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Magazine

One Last Thought: Innovation in Lights

The holiday season is synonymous with light, from the candles of the Hanukkah menorah to the tiny bulbs that illuminate a Christmas tree. In the New York ‘Enlightened’ State of Mind, we translated December’s festive glow into a month-long celebration of light in its many forms: A Holy Light: We explored interfaith and unorthodox religious groups across the State; The Spark of Imagination: We introduced a variety of individuals and businesses that are illuminating young minds through stories

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The New Yorkiest Thing You Can Do: Reenact the Lake Placid Olympics

With a little over one month until the 2014 Winter Olympic Games debut in Sochi, we’re revisiting the 1980 games, where some of America’s most triumphant moments in athletic history took place. 1980 marks the second time that the Games were hosted in Lake Placid; the first time being in 1932. The second round of hospitality showcased an expanded Lake Placid Olympic Center, which introduced the first completely artificial snowmaking system to the Games at Whiteface Mountain, in addition to the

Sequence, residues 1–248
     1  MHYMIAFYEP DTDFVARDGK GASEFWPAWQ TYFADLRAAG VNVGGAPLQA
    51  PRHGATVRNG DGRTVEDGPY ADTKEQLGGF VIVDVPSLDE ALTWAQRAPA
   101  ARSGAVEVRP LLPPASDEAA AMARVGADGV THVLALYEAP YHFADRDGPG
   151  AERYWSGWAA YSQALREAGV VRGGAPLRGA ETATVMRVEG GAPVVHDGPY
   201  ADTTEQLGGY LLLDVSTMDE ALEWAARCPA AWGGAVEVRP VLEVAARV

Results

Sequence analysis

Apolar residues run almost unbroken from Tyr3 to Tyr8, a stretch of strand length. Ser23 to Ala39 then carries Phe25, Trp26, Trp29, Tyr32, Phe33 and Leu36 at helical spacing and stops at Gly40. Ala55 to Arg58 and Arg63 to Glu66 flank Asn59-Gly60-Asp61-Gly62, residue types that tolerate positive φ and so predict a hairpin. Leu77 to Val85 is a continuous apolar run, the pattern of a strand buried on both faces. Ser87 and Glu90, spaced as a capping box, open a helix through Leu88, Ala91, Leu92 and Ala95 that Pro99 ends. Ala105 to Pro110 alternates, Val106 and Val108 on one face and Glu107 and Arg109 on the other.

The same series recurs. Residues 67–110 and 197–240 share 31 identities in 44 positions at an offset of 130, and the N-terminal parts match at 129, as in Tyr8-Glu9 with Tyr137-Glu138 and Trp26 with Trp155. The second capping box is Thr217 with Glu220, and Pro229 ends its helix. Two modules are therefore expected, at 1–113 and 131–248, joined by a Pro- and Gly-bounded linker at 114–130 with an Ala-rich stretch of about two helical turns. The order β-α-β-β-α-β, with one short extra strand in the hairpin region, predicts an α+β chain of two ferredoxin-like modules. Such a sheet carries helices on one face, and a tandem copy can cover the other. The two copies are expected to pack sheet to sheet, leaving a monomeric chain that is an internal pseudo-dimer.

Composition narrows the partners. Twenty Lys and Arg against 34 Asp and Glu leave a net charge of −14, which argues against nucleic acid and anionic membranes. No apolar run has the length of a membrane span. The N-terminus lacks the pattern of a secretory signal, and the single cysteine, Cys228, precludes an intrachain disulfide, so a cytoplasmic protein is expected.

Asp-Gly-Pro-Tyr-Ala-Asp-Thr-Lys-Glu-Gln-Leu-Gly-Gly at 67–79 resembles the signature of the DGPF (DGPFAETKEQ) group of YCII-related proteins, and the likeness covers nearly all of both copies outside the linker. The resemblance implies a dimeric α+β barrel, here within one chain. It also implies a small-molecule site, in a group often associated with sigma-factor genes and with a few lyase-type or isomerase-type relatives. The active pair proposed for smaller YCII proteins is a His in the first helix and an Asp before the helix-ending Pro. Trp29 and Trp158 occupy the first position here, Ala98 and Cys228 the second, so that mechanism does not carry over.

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Easy-to-Keep 2014 Resolutions

Now that Christmas has passed, we're looking forward to the fresh start that 2014 will bring. Like anyone, we've made a list of resolutions, but we think this year's will be easier to keep thanks to some NYSOM Marketplace goodies that make the carrot and stick equally appealing. Which resolution do you think you'll fulfill?   RESOLUTION: TO RADIATE It's time to sparkle and shine with this Sundial design — available as earrings, a necklace or ring — handmade in Brooklyn by Abby Carnevale

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NYSOM Girls' Christmas States of Mind

The NYSOM Girls are a diverse crew, and we each have our own ways of celebrating the holidays. Half of us celebrate Hanukkah in addition to Christmas, and we're all looking forward to 2014 (one of us is getting married!). In recognition of our various Christmas states of mind, here are the yuletide traditions we each hold most dear. Sending you and yours the happiest and warmest wishes during this most special time of year, with love from the NYSOM Girls! [caption id="attachment_3622" align="aligncenter"

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A Buffalonian's Take on Winter in Western New York

Buffalo has a reputation all over the country for having pretty horrid winters. We’d like to take a moment to debunk that myth. It snows in Buffalo, but we think that’s pretty great. (The view of millions of incandescent sparkles in the snow on Christmas morning can’t be beat.) Although you will need some winter gear to be comfortable here, it’s not insanely cold: the average low temperature in Buffalo in December, according to The Weather Channel, is 23° F. Here, it’s all about lake effect